An integrated WRF/HYSPLIT modeling approach for the assessment of PM2.5 source regions over the Mississippi Gulf Coast region

Anjaneyulu Yerramilli*, Venkata Bhaskar Rao Dodla, Venkata Srinivas Challa, La Toya Myles, William R. Pendergrass, Christoph A. Vogel, Hari Prasad Dasari, Francis Tuluri, Julius M. Baham, Robert L. Hughes, Chuck Patrick, John H. Young, Shelton J. Swanier, Mark G. Hardy

*Corresponding author for this work

Research output: Contribution to journalArticlepeer-review

39 Scopus citations


Fine particulate matter (PM2.5) is majorly formed by precursor gases, such as sulfur dioxide (SO2) and nitrogen oxides (NOx), which are emitted largely from intense industrial operations and transportation activities. PM2.5 has been shown to affect respiratory health in humans. Evaluation of source regions and assessment of emission source contributions in the Gulf Coast region of the USA will be useful for the development of PM2.5 regulatory and mitigation strategies. In the present study, the Hybrid Single-Particle Lagrangian Integrated Trajectory (HYSPLIT) model driven by the Weather Research & Forecasting (WRF) model is used to identify the emission source locations and transportation trends. Meteorological observations as well as PM2.5 sulfate and nitric acid concentrations were collected at two sites during the Mississippi Coastal Atmospheric Dispersion Study, a summer 2009 field experiment along the Mississippi Gulf Coast. Meteorological fields during the campaign were simulated using WRF with three nested domains of 36, 12, and 4 km horizontal resolutions and 43 vertical levels and validated with North American Mesoscale Analysis. The HYSPLIT model was integrated with meteorological fields derived from the WRF model to identify the source locations using backward trajectory analysis. The backward trajectories for a 24-h period were plotted at 1-h intervals starting from two observation locations to identify probable sources. The back trajectories distinctly indicated the sources to be in the direction between south and west, thus to have origin from local Mississippi, neighboring Louisiana state, and Gulf of Mexico. Out of the eight power plants located within the radius of 300 km of the two monitoring sites examined as sources, only Watson, Cajun, and Morrow power plants fall in the path of the derived back trajectories. Forward dispersions patterns computed using HYSPLIT were plotted from each of these source locations using the hourly mean emission concentrations as computed from past annual emission strength data to assess extent of their contribution. An assessment of the relative contributions from the eight sources reveal that only Cajun and Morrow power plants contribute to the observations at the Wiggins Airport to a certain extent while none of the eight power plants contribute to the observations at Harrison Central High School. As these observations represent a moderate event with daily average values of 5-8 μg m-3 for sulfate and 1-3 μg m-3 for HNO3 with differences between the two spatially varied sites, the local sources may also be significant contributors for the observed values of PM2.5.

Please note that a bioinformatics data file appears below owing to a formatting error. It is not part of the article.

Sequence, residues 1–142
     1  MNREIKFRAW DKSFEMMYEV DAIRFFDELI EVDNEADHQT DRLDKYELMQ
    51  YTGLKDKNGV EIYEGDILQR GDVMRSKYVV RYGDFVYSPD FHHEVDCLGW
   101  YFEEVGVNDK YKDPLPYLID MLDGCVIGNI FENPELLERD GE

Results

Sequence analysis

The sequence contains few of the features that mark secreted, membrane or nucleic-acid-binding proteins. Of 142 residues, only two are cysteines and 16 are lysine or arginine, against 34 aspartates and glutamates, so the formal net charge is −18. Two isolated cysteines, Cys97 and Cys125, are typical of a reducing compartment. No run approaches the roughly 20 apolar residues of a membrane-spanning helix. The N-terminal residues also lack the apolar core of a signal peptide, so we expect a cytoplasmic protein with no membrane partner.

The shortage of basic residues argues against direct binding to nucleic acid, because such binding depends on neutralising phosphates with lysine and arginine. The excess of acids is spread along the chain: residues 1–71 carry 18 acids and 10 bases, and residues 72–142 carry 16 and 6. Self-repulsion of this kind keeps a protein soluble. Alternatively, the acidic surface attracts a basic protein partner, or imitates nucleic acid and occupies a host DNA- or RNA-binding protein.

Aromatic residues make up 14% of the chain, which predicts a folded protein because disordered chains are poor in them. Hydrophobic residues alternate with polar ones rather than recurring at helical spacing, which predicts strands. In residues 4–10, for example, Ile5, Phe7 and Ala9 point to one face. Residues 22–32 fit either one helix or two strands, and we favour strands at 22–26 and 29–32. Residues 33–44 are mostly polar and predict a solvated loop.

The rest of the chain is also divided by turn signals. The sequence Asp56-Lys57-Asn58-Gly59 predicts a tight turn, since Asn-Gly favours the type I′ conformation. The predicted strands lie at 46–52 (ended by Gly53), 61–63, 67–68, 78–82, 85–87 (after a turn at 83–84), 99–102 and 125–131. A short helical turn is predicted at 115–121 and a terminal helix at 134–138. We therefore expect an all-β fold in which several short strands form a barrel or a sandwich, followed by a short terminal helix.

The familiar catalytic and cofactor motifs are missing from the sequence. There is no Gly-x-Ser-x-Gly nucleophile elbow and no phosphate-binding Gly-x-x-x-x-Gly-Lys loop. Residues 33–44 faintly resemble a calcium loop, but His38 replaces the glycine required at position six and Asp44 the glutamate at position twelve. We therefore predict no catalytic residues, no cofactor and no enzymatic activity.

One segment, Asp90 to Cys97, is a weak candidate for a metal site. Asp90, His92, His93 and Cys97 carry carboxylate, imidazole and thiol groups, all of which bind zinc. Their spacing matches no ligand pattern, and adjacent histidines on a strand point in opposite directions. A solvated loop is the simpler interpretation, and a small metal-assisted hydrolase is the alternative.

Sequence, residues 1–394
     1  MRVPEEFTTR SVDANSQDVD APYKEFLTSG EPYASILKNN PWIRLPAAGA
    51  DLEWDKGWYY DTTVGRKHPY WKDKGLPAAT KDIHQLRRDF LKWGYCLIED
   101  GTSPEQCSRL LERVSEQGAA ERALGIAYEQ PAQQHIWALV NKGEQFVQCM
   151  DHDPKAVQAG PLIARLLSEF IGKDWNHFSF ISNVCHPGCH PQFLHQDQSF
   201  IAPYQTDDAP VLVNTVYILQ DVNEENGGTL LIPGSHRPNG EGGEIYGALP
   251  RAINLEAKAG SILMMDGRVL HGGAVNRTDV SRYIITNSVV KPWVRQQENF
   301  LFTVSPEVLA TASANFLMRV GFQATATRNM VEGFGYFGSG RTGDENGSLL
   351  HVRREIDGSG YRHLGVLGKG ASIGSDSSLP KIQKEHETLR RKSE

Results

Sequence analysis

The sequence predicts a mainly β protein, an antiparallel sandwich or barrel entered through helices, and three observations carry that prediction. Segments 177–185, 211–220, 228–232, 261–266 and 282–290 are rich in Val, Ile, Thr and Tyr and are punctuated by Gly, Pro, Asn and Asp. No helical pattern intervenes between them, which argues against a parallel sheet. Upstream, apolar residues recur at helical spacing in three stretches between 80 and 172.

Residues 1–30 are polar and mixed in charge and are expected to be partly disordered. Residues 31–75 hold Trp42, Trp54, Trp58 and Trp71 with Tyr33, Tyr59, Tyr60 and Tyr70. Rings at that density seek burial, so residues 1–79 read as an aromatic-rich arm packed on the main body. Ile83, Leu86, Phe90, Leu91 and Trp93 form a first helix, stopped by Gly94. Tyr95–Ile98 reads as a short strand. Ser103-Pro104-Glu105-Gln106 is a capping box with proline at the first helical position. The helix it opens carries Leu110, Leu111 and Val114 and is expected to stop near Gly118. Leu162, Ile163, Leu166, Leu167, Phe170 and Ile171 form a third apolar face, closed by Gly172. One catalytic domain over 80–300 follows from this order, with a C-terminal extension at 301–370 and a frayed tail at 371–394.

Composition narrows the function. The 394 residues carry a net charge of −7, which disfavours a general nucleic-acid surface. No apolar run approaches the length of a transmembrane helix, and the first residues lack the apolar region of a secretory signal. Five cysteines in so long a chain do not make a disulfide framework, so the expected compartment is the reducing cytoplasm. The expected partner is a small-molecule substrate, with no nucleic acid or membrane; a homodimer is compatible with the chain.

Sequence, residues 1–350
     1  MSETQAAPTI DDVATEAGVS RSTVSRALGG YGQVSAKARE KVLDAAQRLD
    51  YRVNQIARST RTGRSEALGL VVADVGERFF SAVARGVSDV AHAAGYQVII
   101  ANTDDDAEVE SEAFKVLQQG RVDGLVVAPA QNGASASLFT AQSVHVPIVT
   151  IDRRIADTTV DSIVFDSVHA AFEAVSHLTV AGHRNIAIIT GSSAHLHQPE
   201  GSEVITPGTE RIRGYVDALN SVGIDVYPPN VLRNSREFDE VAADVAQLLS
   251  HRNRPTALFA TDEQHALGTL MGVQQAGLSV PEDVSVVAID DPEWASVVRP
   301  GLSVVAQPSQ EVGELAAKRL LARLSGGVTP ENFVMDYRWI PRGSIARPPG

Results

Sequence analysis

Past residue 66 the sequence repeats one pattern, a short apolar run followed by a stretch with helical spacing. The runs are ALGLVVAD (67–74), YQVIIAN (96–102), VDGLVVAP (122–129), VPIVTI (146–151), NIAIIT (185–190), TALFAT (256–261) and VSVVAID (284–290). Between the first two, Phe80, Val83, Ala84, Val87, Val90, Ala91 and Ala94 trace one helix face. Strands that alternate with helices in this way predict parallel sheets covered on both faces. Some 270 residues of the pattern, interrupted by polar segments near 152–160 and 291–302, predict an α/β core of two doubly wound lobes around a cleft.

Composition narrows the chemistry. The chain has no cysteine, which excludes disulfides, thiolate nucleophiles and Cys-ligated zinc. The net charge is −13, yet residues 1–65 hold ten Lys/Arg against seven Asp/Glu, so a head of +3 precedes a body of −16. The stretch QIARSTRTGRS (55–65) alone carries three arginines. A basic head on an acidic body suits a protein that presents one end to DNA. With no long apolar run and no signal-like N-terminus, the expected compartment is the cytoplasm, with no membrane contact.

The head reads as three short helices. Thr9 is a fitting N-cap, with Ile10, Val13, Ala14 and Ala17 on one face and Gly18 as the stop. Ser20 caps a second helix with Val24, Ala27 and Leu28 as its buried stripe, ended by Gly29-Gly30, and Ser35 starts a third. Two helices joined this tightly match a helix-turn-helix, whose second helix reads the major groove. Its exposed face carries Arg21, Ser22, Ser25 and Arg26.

Original languageEnglish (US)
Pages (from-to)401-412
Number of pages12
JournalAir Quality, Atmosphere and Health
Issue number4
StatePublished - Dec 2012

Bibliographical note

Funding Information:
Acknowledgment This study is carried out as part of the ongoing Atmospheric Dispersion Project (ADP) funded by the National Oceanic and Atmospheric Administration (NOAA) through the US Department of Commerce Grant #NA06OAR4600192. The HYSPLIT model is obtained from NOAA ARL.


  • PM
  • Pollutant dispersion
  • Source identification
  • WRF-HYSPLIT simulation

ASJC Scopus subject areas

  • Pollution
  • Atmospheric Science
  • Management, Monitoring, Policy and Law
  • Health, Toxicology and Mutagenesis


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